Rajkamal Rao

Buy green card fast

Rajkamal Rao | Updated on April 11, 2018

EB-5 visas will not be issued from September 30

Despite non-stop media reports that America has changed for the worse since Donald Trump’s election, the allure of migrating to the country has not abated. For most Indians, the experience is tedious, with a 15-year wait for getting a green card through the H-1B visa route. As Indians get to know the US better, the Employment-Based (EB-5) investor visa has become particularly attractive, as the path to getting a green card can be a lot quicker.

The EB-5 allows foreign investors to “buy” a green card for as little as $500,000 if the funds are invested in a private company’s ‘Regional Center’, which creates at least 10 jobs for US workers. As a bonus, those approved can seek green cards for their spouse and up to three children.

There are four players involved — the EB-5 investor; his/her US lawyer; a private company promoting an infrastructure project in a targeted employment area (TEA) that has high unemployment; and USCIS, the government agency authorised to issue the green card. The minimum investment required is $500,000 if the project is in a TEA, else it is $1 million. Most Indians are betting on TEA EB-5 projects.

First, the lawyer provides proof that the Indian’s investment is sourced from lawful means and the Regional Center project is likely to win TEA classification from the US government. If the government okays the initial petition — a process which can take as little as three months — the investor is placed in line to obtain a “conditional” green card through consular processing. In a period as short as one-and-a-half years, an aspiring Indian can move his entire family to the US.

But there’s a catch. Within two years, the lawyer has to petition the government to remove the conditional constraints on the green cards by providing evidence that the TEA project has indeed created at least the 10 US jobs that the original investment was expected to generate. This is the risky part of the bet. If the project has gone bust or has otherwise proved not to be a job creator, the temporary green cards can be revoked.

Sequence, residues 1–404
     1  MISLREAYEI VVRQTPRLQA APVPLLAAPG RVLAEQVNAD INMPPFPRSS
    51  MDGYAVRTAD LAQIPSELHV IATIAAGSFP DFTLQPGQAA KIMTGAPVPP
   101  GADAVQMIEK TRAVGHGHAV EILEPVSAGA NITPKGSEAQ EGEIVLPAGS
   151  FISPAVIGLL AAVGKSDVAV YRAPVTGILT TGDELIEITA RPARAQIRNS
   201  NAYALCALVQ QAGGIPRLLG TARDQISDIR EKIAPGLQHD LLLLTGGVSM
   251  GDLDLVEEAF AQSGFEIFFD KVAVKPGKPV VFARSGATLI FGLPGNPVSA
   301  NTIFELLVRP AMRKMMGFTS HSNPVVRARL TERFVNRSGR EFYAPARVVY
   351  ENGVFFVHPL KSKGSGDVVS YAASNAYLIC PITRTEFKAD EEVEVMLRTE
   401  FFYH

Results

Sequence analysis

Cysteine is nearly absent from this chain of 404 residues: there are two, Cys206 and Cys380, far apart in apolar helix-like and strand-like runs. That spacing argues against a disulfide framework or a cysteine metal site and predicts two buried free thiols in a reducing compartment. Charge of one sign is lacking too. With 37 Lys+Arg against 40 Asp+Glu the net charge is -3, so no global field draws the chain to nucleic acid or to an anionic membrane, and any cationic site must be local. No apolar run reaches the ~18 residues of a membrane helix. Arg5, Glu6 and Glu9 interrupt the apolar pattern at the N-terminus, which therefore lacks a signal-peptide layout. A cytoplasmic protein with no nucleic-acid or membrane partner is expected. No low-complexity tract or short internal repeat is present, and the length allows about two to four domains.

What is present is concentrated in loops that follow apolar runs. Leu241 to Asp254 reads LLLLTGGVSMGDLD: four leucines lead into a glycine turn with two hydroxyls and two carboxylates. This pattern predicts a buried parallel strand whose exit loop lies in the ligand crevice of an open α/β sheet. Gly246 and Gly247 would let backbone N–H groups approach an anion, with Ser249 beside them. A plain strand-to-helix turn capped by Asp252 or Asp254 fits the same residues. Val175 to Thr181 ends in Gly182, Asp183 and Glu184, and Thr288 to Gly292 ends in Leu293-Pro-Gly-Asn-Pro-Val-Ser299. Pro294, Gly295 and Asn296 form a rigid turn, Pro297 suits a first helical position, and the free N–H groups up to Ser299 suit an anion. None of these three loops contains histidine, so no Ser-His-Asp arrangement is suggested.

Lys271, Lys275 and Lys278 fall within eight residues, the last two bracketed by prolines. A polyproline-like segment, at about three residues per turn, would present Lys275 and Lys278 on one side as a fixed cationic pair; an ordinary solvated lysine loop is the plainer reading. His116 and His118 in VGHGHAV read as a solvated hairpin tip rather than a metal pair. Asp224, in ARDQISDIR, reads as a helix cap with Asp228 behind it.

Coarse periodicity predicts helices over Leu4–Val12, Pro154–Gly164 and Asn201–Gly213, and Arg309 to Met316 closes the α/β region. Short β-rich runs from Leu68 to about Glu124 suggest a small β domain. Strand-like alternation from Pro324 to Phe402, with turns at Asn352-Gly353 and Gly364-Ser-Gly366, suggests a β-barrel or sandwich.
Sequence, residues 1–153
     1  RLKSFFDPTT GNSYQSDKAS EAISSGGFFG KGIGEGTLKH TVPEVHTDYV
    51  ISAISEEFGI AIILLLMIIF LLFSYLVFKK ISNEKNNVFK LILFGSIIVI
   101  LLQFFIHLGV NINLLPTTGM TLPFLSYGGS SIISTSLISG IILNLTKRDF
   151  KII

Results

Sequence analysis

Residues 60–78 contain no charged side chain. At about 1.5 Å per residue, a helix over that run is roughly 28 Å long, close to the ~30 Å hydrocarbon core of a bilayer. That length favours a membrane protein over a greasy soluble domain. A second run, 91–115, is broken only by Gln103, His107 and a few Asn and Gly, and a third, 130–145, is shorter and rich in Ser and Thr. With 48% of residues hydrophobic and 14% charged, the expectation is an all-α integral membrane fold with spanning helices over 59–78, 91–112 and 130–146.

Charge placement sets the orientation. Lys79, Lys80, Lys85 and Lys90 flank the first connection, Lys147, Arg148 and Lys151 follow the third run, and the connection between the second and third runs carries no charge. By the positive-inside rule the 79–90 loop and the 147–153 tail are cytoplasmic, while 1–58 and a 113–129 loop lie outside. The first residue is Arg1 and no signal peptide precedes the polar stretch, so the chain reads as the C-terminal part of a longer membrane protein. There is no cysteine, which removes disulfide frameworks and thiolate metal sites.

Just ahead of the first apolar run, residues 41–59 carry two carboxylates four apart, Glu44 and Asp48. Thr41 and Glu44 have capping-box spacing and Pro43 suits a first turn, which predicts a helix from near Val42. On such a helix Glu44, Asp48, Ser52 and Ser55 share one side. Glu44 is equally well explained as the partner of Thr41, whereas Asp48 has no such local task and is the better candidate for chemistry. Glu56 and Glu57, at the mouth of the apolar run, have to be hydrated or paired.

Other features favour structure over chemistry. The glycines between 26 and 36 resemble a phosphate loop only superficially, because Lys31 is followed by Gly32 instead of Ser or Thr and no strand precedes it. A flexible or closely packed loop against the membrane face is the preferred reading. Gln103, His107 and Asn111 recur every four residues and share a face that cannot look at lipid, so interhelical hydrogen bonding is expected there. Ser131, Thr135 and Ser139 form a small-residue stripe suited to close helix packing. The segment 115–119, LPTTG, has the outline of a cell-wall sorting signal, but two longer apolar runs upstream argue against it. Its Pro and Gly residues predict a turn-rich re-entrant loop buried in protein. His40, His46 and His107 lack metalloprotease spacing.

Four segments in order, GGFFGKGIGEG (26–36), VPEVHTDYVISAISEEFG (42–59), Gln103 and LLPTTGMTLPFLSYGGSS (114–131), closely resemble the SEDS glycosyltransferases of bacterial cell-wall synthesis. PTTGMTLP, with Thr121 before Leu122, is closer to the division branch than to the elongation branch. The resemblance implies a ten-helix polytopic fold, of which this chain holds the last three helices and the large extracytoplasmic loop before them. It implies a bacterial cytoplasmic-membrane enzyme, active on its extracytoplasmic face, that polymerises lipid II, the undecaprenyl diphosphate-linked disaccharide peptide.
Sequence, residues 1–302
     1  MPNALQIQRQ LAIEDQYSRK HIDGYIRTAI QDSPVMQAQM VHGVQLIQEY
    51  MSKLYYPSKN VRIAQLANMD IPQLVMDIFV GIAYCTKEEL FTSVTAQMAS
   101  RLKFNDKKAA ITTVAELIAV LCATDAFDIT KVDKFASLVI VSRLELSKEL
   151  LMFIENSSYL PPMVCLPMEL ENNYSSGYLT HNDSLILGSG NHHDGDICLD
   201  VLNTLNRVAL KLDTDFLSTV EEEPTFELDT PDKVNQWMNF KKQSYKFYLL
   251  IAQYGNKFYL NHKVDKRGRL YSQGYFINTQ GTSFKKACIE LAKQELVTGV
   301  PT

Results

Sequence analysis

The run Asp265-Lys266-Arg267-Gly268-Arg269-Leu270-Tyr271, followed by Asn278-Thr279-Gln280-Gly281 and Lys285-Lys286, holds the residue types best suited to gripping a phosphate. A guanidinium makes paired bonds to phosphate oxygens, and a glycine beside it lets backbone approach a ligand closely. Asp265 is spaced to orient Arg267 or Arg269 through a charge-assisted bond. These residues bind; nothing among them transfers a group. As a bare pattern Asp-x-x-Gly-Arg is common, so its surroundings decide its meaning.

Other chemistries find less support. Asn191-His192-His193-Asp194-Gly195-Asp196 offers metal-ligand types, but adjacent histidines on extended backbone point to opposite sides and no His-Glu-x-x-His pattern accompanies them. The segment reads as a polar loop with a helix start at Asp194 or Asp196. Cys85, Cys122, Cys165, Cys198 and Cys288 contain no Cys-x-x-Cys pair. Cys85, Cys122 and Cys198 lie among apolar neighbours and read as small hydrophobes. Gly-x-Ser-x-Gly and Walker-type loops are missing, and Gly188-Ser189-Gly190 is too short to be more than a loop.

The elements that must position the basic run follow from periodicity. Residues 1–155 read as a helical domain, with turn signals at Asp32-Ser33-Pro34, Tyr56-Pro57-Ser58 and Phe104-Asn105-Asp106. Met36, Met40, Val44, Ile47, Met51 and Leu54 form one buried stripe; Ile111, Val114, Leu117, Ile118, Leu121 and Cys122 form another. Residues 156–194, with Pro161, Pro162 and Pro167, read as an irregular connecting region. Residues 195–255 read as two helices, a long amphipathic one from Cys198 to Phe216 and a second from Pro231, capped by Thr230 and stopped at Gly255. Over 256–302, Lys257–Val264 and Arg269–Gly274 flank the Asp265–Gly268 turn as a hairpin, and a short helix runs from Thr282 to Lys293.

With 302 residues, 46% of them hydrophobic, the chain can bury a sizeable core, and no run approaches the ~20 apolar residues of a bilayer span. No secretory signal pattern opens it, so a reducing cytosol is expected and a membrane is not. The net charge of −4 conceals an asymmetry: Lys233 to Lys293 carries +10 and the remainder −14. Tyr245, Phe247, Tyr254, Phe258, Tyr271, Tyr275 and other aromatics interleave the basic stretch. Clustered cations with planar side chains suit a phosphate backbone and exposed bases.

Risk to principal

And there’s the investment portion of the bet. The investment is a bilateral agreement between the Indian and the promoter company, and neither the lawyer nor the government has a stake in the deal. If the company’s project fails or it refuses to refund the investment after the typical five years or declares bankruptcy, the Indian has little chance of recovering the principal. As a result of this lack of investor protection, the EB-5 programme has become rife with fraud. In one case, a US company was charged by the SEC with defrauding 700 investors when the intended project — to build a biomedical facility in rural Vermont — never materialised.

This kind of fraud is why the EB-5 has little support in Congress although Ivanka Trump’s husband, Jared Kushner, is said to have pushed the EB-5 visa in China for his family’s real estate empire.

For an Indian family desperate to immigrate, even a $500,000 loss is strangely considered bearable by many. The upside — of a chance of permanent life in the so-called land of milk and honey — is evidently much too attractive to give up.

But they better hurry because this visa too is about to come to an end on September 30.

The writer is the managing director of Rao Advisors LLC, Texas

Published on April 11, 2018

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